The beginning and end don’t really need much else just yet. It’s the middle part that needs 99% of the work.

And so, I tell myself the story again. I’ve already written the beginning, middle, and end as single paragraphs. So now I write them again, expanding them to three or four (or more) paragraphs each. And then I rewrite each of those paragraphs, expanding them to three or four more detailed paragraphs. And so on. And all the time, I’ll be trying to think of conflicts and obstacles and hoops the characters have to jump through.

And while I’m doing that, I’m getting a better idea of my characters. For me, at least, this is an almost automatic consequence of developing the storyline. Story is characters. Characters are story. You can’t have one without the other. And I find that the more detailed I get with the story, the better I get to know my characters.

I begin to work out back stories for the characters. Not that all of that back story will find its way into the final typescript, but if I know that Jenny, say, has an aversion to rabbits because one bit her when she was a kid, it then makes sense when I write a scene in which she freaks at the sight of her friend Alice’s pet fluffy bunny. The thing is, back stories can help you greatly in figuring out your characters’ motivations, and those are important because they are in themselves a source of conflict between the characters themselves.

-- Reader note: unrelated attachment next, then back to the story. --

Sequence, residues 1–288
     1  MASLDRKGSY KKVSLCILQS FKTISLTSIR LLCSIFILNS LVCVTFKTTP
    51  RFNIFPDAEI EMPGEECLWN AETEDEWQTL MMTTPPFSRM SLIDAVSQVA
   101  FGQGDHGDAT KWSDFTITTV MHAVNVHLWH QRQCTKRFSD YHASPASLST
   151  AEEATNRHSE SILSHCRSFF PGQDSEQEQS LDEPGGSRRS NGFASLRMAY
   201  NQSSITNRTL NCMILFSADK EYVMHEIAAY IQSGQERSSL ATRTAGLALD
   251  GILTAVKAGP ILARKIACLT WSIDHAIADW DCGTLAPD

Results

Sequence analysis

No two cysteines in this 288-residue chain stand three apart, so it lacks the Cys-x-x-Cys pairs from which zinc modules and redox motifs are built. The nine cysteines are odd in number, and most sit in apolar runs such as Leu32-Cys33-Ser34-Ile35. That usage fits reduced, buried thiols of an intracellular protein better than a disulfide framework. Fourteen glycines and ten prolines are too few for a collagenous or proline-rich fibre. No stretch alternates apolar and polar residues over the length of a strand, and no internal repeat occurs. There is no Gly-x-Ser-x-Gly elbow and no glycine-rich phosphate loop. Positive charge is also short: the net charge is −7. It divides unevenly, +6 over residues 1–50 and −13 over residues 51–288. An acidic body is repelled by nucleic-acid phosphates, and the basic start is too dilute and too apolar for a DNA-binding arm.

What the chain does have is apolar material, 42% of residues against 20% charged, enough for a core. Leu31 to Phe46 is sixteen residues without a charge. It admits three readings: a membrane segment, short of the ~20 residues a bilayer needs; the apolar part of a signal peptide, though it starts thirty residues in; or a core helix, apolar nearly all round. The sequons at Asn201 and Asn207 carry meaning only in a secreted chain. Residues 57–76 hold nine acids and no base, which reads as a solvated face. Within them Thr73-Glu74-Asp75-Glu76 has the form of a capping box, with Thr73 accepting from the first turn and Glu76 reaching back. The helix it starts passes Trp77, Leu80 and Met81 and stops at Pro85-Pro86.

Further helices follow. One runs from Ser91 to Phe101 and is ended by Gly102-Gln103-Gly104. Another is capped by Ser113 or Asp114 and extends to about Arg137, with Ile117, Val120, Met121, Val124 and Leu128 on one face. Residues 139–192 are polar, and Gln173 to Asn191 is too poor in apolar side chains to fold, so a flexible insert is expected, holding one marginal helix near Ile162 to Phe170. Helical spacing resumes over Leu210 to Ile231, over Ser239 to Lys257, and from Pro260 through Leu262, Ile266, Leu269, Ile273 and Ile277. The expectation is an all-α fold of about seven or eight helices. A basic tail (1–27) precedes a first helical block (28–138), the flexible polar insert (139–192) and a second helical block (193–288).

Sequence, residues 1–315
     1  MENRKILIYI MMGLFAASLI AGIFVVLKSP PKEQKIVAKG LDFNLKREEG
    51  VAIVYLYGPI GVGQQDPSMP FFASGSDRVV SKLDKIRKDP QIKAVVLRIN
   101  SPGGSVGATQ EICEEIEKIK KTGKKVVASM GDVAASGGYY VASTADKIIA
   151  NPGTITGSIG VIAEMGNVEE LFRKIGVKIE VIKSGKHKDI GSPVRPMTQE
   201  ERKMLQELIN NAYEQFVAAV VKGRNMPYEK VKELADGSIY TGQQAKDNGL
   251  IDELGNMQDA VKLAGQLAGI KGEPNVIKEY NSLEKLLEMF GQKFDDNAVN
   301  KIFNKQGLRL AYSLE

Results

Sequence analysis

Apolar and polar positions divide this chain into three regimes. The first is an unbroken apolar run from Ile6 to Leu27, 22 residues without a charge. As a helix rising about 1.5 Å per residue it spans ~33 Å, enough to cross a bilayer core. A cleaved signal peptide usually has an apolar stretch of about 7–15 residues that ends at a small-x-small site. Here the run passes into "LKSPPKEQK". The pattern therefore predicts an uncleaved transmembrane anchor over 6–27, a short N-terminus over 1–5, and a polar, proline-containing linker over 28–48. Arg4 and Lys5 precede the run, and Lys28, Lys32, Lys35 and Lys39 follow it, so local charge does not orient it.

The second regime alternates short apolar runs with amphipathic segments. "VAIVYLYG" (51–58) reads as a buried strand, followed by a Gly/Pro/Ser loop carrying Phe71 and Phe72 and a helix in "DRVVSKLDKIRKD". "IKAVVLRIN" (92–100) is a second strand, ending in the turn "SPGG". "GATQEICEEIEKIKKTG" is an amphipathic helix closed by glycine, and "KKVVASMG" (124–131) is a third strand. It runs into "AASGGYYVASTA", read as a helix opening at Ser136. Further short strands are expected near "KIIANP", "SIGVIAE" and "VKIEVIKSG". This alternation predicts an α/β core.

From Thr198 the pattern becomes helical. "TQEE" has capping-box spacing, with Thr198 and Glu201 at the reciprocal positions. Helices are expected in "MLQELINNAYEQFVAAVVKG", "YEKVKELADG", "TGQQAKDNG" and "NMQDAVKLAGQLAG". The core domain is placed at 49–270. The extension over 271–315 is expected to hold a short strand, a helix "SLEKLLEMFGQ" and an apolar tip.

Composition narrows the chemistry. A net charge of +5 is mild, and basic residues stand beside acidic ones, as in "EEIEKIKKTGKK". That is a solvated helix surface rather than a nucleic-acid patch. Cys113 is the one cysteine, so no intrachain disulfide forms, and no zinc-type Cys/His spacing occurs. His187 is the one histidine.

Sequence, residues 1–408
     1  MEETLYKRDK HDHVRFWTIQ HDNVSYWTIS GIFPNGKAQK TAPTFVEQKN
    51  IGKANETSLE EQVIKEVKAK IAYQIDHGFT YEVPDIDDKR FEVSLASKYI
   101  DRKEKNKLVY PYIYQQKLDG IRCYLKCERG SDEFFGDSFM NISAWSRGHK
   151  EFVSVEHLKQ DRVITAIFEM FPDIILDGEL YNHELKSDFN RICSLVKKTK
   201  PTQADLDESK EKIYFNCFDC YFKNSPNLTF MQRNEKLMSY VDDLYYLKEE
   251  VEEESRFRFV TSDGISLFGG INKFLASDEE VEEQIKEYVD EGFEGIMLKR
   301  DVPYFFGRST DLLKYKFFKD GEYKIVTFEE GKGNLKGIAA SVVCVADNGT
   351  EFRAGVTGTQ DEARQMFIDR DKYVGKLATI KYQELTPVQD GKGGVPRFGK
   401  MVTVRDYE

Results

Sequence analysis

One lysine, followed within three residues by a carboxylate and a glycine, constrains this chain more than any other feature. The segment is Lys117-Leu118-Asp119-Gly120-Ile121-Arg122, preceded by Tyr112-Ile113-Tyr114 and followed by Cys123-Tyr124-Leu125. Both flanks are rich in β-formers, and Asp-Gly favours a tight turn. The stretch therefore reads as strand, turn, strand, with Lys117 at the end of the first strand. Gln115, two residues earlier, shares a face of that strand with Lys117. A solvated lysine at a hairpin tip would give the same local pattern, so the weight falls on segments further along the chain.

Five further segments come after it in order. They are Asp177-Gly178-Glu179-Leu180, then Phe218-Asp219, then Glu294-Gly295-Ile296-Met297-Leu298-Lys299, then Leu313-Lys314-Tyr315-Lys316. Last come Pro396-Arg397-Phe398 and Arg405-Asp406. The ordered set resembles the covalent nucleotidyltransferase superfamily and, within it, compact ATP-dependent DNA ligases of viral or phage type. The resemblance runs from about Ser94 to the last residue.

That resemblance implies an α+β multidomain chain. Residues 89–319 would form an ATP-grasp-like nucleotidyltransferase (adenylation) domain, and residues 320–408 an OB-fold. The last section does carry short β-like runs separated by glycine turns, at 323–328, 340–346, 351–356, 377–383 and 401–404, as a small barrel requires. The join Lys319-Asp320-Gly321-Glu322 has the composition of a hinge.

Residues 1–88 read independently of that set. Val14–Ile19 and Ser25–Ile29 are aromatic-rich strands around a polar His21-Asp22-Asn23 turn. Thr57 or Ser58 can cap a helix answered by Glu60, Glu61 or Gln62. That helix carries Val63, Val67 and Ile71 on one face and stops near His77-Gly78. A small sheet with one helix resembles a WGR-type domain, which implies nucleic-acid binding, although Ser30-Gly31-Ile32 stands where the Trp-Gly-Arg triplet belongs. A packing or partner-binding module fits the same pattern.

When do I stop with all the detail? There comes a point where I can say that each paragraph represents a single, self-contained scene. There’s no point going any deeper once I’m there. That typically takes four, maybe five iterations starting from my original one-paragraph story.